Google announced that it is reducing its Play Store cut for subscriptions from 30 percent to 15 percent for all apps and games.
The current cut in services is taking Google from 30 percent to 15 percent after consumers keep their subscriptions for 12 months.
Below, Google has stated that “99 percent” of developers are entitled to a subscription service fee of 15 percent or less to support the “specific needs of developers who offer subscriptions”.
In addition, service fees of “up to 10 percent” are charged for eBook and on-demand music streaming apps under the Play Media Experience program.
Corresponding Sensor tower, Annual global consumer spending on Google Play reached $ 38.8 billion in 2020, including $ 32 billion on mobile games. Google’s 30 percent fee for all in-app purchases totaled $ 11 billion, of which $ 9.6 billion was for mobile games.
With consumer spending on Google Play already reaching $ 35.5 billion ($ 27.8 billion for mobile games) in the first three quarters of 2021, it is well on its way to top 2020.
If consumer spending continues to rise at its current level in 2022, Google will receive a significantly lower commission on its new 15 percent subscription model.
New year, new me
“Digital subscriptions have become one of the fastest growing models for developers, but we know subscription companies face unique challenges when it comes to customer acquisition and retention,” said Sameer Samat, vice president of product management at Google blog entry.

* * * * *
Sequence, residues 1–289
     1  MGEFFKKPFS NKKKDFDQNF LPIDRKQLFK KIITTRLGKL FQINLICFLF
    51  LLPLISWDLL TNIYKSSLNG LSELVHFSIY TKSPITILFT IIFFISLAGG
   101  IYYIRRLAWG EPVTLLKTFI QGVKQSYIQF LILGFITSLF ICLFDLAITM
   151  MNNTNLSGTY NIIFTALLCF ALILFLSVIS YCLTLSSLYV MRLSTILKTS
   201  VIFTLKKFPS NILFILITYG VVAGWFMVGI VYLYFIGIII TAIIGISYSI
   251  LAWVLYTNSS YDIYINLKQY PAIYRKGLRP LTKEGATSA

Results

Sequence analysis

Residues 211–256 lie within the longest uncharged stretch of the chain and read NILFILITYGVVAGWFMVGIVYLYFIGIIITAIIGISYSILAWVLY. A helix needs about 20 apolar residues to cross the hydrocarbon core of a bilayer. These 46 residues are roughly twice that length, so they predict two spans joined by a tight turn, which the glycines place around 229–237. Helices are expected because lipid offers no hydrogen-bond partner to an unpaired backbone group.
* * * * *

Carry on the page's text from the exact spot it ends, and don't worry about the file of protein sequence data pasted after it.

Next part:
âWe have worked with our partners in the dating, fitness, education, and other sectors to understand the nuances of their business. Our current service fee drops from 30 percent to 15 percent after 12 months of a recurring subscription. But we’ve heard that customer churn is making it difficult for subscription companies to take advantage of this reduced price. So we’re simplifying things to make sure that is possible. “
The move is the latest in the tech giant’s response to mounting tensions between developers over 30 percent cut app marketplaces like Google Play and Apple’s App Store.
Earlier this year, Google announced that it would cut its Play Store commission from 30 percent to 15 percent for the first $ 1 million developers that went into effect July 1.
Despite the commission change, Google faced a lawsuit by 37 states in July over alleged Play Store monopoly, arguing that by restricting competition, consumers were directly suffering from higher prices and limited choice.
With tensions still lingering and app marketplace competitor Apple still under fire after the protracted legal battle between Apple and Epic Games, further changes to the app marketplace guidelines are expected to follow.